I’ve experienced this only once or twice in the last decade, an instance where an athlete acted nothing like his or her parent.
And in each case it was because they were taking after the other parent. Like father, like son - it’s a lesson that can’t be preached enough because it’s difficult to see when you’re the father or son or mother or daughter. I believe we live our lives according to a philosophy that’s constantly running in the background whether you realize it or not. What’s your philosophy? Why do you make the choices you make?
How does your philosophy as a parent affect your children?
Most parents claim their children set their own goals and make their own decisions. It’s great when we encourage them to do so, but just like the best leaders in hockey, we can lead by example. We can try to draw lines between sports and how they affect our day-to-day lives, but ultimately it’s the kids themselves who need to sort through the angst and emotion of being A) a teenager (usually) and B) a teenager playing an elite sport. The experiences of playing a sport, both good and bad, shape the people these athletes will become, and ignoring the downs while only celebrating the ups will teach young men and women to hide from their problems.
How do we teach accountability?
The only way to learn from your mistakes is to make mistakes. Which is good news because most of us make mistakes from time to time. Why, just yesterday I forgot my foot socks, so I had to put my skates on barefoot. This is why I rarely harp on players for forgetting their water bottles. Accountability can be taught by using moments of disappointment to look inward first and find reasons for the mistakes. Mistakes can be physical, such as turning a puck over, or they can be mental, such as forgetting your foot socks. One thing is for sure, being a victim accomplishes nothing. And you know it, you’ve seen it, kids playing the victim leads to entitlement and damages resiliency.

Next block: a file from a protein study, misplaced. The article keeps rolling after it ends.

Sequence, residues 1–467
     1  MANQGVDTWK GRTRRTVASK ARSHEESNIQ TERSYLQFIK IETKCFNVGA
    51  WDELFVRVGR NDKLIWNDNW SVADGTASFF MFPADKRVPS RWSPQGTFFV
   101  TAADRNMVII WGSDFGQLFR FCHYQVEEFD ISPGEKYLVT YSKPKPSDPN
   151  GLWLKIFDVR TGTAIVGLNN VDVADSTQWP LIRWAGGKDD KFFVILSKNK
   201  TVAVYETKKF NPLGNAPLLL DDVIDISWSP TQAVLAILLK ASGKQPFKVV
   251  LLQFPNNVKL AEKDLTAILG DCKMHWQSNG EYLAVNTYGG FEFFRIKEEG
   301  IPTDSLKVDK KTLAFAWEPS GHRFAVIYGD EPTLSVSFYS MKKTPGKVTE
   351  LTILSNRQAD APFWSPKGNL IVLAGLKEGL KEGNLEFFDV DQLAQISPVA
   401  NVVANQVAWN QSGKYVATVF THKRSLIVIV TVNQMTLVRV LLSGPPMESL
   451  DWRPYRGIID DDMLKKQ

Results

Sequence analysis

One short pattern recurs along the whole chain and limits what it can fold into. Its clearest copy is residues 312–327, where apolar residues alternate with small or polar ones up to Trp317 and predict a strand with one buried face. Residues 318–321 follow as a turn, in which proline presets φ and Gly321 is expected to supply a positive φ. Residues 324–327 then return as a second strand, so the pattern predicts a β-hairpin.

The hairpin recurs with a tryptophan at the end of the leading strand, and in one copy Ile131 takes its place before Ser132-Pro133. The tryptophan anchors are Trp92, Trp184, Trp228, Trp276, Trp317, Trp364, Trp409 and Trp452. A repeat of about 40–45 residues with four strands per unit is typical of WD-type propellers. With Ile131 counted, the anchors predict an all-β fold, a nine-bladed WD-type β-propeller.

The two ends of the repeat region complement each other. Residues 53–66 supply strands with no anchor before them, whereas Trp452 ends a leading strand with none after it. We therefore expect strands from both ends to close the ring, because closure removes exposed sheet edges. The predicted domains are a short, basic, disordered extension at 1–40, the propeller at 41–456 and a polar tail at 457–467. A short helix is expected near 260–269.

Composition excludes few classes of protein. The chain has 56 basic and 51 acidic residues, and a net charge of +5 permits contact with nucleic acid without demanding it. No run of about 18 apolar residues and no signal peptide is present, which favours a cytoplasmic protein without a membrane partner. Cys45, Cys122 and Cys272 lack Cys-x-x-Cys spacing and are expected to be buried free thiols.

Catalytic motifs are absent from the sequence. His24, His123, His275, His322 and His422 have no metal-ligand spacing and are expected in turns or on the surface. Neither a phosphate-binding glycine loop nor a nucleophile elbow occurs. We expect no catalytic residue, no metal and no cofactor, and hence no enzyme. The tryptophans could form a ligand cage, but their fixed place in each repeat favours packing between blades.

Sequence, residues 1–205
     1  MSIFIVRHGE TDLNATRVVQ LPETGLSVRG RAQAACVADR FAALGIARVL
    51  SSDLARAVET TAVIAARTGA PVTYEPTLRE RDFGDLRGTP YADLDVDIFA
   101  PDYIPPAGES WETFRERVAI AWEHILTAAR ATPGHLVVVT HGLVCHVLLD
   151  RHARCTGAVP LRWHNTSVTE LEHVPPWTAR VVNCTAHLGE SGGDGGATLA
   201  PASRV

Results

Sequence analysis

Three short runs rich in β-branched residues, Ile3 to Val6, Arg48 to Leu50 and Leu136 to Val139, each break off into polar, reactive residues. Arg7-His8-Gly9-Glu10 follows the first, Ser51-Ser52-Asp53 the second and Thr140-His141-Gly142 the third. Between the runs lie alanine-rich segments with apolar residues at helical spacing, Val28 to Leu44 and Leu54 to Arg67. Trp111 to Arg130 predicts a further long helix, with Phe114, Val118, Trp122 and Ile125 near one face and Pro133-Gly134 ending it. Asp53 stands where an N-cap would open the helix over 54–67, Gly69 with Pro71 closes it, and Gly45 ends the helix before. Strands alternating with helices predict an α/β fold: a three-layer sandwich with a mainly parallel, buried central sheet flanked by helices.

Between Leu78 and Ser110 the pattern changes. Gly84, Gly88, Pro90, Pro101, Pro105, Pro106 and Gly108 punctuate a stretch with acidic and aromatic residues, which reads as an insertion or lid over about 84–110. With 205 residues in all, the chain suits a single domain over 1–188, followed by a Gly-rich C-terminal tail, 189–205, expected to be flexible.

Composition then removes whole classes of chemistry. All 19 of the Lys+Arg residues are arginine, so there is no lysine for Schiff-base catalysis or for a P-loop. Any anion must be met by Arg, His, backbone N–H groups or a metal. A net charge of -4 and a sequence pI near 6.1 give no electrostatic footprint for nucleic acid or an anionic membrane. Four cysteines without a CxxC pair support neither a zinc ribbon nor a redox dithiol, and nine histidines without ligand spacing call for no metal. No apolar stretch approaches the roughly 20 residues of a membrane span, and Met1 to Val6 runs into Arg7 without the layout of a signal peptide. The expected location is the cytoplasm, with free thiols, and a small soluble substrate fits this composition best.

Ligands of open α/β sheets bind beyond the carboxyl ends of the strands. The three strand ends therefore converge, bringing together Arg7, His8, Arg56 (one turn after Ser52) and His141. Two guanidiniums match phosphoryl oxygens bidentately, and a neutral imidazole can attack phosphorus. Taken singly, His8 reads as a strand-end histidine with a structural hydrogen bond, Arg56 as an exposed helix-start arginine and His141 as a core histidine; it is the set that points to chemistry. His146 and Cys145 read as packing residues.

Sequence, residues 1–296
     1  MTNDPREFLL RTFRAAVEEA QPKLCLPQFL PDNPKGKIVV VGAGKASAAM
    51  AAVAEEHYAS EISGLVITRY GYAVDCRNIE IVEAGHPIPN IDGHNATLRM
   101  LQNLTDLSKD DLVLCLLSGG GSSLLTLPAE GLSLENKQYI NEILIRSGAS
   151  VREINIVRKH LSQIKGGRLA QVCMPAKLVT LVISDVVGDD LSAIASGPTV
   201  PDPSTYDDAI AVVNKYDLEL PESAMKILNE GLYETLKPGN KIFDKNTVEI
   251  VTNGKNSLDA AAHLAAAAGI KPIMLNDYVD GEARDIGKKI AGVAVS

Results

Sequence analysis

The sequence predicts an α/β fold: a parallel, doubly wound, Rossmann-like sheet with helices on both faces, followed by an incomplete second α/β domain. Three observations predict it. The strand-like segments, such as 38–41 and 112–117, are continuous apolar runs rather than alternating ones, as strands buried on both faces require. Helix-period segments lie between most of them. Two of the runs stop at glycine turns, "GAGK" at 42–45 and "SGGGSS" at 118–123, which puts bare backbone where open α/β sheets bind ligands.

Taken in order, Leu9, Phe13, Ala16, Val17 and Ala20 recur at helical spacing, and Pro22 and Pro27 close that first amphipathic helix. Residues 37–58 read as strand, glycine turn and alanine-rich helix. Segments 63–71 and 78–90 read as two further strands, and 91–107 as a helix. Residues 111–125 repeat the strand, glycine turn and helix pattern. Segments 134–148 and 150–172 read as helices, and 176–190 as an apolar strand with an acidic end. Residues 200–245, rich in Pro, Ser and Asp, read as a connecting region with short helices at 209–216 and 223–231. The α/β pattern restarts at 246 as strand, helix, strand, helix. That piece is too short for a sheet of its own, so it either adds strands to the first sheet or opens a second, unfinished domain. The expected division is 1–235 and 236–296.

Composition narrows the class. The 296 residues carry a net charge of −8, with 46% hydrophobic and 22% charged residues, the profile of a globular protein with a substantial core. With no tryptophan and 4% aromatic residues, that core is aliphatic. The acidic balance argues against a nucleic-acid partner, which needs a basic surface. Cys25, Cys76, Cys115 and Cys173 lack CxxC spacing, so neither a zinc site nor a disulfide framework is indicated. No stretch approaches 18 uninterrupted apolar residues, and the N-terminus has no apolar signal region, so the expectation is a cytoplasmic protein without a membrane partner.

How do you find the right level of involvement?
Difficult things in life are what shapes us all. Difficult is a wide reaching statement - people encounter difficulty because of other kids at school, people have difficult childhoods and people encounter difficulty when a loved one is ill. There’s no measurement of difficulty, only it either exists or it doesn’t. So how do we get involved to the right degree? Well, if difficulty can’t be measured, then involvement can’t really be measured either. The only constant of adversity is that it will come, and how you deal with it is what will define you. It’s like Winston Churchill said: if you’re going through hell, keep going.
Should you be proud of your children no matter what?
That’s not what I’m saying. Kids screw up. They’re kids, they don’t have the long-term life skills adults have acquired over countless trials and tribulations. And we still forget our socks or forget to clean up the coffee stain on the carpet. But they deserve your love and support no matter what, in fact, the tough times call for encouragement moreso than the good times. When the hockey season grows long during the mid-November dip, or when homework piles up or illness strikes, remember, it’s you they look to for an example.
I’m not a parent and I don’t have any idea how hard it truly is to shape your child into the person you’d like them to be. However, I might be a child psychologist, given how much I’ve been on the ice with children over the last 14 years. Or perhaps I’ve gone truly insane at this point.
In any event, it takes a village to raise a child. Let’s make our village the best village around.